A Tyneside MP has slammed Facebook pages which exploit patriotism after unintentionally backing one set up by Britain’s ‘most influential’ far-right activist.
Mary Glindon, MP for North Tyneside, clicked like on a Facebook page entitled ‘I am Proud to Wear My Poppy’, agreeing with the sentiment.
However, among the patriotic photos and memorials to soldiers lurks a more sinister message.
The page has been linked to the Knights Templar International – a Christian militant group based in the UK.
The page has also shared posts by the Knights Templar International, including videos of it’s frontman Jim Dowson discussing the Manchester and London terror attacks this year.
In the video, he claims “Muslims are running rampage” and “other cities in the world don’t have this problem, that’s because they don’t have a Islamic problem,” before going on a rant against Jeremy Corbyn.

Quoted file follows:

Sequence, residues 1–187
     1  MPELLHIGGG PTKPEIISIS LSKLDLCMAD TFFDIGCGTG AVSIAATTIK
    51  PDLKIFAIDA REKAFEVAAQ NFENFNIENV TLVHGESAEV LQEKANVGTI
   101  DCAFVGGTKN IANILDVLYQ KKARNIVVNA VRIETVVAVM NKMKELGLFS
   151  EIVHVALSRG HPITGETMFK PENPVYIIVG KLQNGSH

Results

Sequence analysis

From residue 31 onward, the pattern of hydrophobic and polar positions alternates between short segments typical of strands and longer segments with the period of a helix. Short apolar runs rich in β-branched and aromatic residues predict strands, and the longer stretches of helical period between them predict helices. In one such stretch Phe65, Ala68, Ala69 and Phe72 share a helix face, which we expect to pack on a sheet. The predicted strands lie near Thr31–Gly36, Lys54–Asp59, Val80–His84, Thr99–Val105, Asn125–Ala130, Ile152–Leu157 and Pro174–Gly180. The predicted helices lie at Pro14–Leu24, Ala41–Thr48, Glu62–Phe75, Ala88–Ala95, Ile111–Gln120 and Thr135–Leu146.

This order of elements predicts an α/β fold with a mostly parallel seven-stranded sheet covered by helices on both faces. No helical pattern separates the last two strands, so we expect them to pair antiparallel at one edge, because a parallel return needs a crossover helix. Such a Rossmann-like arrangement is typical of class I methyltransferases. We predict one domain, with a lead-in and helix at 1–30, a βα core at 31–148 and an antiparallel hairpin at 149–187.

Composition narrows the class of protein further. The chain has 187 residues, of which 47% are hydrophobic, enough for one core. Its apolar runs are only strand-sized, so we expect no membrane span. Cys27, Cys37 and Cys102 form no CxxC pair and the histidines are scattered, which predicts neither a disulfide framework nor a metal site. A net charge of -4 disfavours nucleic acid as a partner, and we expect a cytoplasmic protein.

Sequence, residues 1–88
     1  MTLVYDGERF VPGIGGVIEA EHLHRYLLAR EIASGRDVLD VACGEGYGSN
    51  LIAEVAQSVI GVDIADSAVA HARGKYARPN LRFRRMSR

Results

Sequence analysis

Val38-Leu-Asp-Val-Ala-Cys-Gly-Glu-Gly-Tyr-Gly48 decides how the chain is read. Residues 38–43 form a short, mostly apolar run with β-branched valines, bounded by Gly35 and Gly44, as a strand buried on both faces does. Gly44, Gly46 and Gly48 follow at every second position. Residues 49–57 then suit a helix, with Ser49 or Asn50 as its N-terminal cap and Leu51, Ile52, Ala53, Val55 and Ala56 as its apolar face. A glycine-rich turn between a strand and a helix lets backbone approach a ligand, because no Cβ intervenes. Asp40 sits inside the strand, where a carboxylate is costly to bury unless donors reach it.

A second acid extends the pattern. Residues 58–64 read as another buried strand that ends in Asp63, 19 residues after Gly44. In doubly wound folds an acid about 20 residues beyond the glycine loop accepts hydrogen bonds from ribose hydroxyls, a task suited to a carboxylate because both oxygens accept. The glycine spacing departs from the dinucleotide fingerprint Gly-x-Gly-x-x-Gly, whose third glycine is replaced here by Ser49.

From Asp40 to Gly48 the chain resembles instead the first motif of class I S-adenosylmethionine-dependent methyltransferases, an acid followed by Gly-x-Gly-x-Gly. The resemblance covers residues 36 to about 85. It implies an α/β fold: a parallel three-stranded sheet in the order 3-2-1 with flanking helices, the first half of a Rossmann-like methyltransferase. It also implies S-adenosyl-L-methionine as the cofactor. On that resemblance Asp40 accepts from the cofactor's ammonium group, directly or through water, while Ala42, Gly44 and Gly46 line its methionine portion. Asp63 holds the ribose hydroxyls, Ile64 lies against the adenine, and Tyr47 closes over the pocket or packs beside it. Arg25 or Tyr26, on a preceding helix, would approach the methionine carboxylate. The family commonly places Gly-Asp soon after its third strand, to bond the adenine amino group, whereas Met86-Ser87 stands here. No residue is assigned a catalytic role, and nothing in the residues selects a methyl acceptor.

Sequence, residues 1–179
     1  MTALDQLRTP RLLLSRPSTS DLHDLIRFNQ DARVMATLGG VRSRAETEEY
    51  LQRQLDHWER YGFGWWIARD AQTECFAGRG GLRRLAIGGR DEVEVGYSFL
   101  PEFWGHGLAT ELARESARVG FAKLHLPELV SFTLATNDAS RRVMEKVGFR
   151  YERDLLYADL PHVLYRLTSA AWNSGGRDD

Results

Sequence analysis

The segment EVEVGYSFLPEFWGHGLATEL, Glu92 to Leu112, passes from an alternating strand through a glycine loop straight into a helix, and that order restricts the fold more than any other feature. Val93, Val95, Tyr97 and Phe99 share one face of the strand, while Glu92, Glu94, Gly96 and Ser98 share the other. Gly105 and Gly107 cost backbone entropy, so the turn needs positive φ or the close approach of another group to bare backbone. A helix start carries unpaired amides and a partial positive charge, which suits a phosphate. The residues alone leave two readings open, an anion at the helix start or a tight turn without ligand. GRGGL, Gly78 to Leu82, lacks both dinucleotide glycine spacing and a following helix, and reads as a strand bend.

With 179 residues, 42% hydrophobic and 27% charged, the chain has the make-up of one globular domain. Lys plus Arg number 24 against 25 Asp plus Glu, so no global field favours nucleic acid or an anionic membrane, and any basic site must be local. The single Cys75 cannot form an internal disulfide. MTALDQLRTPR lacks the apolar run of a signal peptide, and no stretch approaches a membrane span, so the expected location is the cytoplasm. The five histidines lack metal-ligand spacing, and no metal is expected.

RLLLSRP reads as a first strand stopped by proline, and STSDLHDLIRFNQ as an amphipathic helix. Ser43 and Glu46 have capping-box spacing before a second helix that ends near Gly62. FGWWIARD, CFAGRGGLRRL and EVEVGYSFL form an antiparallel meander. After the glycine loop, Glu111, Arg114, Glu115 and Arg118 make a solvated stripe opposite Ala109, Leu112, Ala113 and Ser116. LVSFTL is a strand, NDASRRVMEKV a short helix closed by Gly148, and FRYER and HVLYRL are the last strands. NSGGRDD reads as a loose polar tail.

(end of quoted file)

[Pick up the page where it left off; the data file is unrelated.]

An investigation by the BBC and Balkan Investigative Reporting Network named Mr Dowson as the most influential far-right activist in the UK.
It is estimated the 14 Facebook pages which are linked to him have earned 2.5 million ‘likes’ from the social network’s users.
Mr Dowson is believed to have been involved in the formation of Britain First, a group he left in 2014 and has been described by The Times as an “extremists’ marketing mastermind”.
After Ms Glindon was alerted to the nature of the Facebook page, she moved to distance herself from it.
She said: “I unliked this Facebook page as soon as I was told of its dubious links with fascists who have no respect for our armed forces, not least those who fought Hitler and Mussolini, and simply exploit patriotism for their warped purposes.”
Government figures have shown an increase in right-wing extremism in the region.
Statistics show that referrals to the Government’s anti-terror Prevent programme have gone up up by nearly a tenth in a year in the North East.
While the overall number of people referred to the Prevent programme in the region fell in 2016/17, the number of individuals where concerns have been raised in relation to right-wing extremism has gone up by 8%, from 159 in 2015/16 to 171 in 2016/17.
Last year, Newcastle councillor Nick Kemp said the city and wider region had become a target for far-right groups.
Laura Hill , Local Democracy Reporting Service